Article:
Be Mindful of Creating Time Pressure for Your Community

Although Boring Security did a lot of analysis on contributing factors to those that have been scammed/phished in the past, we didn’t include FOMO (Fear of Missing Out) in our report, despite it probably being the underlying cause of a good many of wallet drains that occur in Web3. Creating these “Go to this link and mint this faster than others” scenarios not only creates an adversarial environment, but you often are inadvertently prioritizing the wrong kind of community members. 

What you want are creative, passionate, and loyal community members. But with an open mint that incentivizes those to “mint first”, what you tend to get are bots, experienced flippers, and those that know how to interact directly with your smart contract to bypass hurdles or website issues that might occur during a hyped mint.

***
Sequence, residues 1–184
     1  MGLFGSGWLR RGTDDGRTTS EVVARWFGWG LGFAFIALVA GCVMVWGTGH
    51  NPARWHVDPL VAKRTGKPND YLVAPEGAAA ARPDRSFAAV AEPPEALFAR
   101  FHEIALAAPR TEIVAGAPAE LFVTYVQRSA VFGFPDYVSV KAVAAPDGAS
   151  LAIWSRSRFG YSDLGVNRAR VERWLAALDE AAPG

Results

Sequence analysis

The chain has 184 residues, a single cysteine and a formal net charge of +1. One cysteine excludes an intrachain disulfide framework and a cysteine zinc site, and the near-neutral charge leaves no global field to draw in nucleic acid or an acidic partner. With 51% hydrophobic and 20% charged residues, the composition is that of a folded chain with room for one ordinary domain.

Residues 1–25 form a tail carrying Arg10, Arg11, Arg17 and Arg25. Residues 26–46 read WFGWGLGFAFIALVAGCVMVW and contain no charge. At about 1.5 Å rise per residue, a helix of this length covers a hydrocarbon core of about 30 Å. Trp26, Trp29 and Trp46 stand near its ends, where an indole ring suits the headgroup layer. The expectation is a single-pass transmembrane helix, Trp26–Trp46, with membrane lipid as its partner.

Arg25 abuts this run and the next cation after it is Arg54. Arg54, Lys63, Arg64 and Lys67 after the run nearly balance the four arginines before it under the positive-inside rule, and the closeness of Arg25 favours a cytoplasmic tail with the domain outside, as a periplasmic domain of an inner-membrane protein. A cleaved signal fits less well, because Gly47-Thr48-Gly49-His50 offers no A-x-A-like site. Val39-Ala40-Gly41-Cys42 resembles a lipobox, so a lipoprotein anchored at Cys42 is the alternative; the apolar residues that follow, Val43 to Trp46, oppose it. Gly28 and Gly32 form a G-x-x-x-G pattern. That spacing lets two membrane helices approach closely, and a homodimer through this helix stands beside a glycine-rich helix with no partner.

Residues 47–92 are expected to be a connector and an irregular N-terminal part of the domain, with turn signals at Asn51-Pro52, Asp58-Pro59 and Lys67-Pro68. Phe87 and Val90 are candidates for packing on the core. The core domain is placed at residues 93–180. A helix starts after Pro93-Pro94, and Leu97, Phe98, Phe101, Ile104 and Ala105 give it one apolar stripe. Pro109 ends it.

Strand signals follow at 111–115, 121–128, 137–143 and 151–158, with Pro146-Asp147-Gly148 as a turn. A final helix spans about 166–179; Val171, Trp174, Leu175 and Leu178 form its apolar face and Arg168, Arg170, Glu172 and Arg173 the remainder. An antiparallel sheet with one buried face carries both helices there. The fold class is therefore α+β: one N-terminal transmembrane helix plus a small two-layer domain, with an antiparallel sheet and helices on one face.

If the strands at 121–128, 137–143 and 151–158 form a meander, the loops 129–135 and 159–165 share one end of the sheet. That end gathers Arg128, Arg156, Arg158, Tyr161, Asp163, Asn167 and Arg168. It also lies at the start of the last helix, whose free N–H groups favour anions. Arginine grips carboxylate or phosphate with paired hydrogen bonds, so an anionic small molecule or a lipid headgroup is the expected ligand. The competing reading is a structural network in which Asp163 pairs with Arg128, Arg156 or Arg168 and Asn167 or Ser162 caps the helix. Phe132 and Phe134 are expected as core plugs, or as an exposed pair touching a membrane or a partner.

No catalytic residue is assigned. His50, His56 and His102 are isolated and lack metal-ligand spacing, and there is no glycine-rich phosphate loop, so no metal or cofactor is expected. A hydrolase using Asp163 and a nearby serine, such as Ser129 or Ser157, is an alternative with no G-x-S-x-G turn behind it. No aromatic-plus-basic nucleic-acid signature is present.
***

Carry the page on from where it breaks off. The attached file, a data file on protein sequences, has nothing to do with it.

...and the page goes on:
Reduce the Need to Connect Wallets Containing Value

Did you launch a successful NFT or token? Want to reward holders of other successful NFTs or tokens? Of course, you’ll want those folks to prove ownership of said assets, but the answer might not always require them to sign or make a transaction on that wallet. Many people are weary about signing with their “vault wallets”, and with good reason. Signatures can be dangerous and it is hard for someone who isn’t formally educated to have real confidence about the safety of what they are signing. Some practical suggestions on how to do this are:

  1. Utilize wallet delegation primitives such as & which allow you to prove ownership of valuable assets in their vault without ever having to connect past the setup process. Boring Security has an in-depth article on this here.
  2. Consider using tools like Vulcan and Collabland to grant Discord roles to holders of certain tokens/NFTs (whether they are yours or partners). In addition to supporting the above primitives, they also allow you to give whitelists on platforms like Heymint and Subber where users can be vetted by Discord roles.
  3. Hosting some kind of event, or wanting to give discounts to holders of your token? Consider implementing Tokenproof. They have a Shopify extension and a suite of tools to handle IRL events, website connections, etc.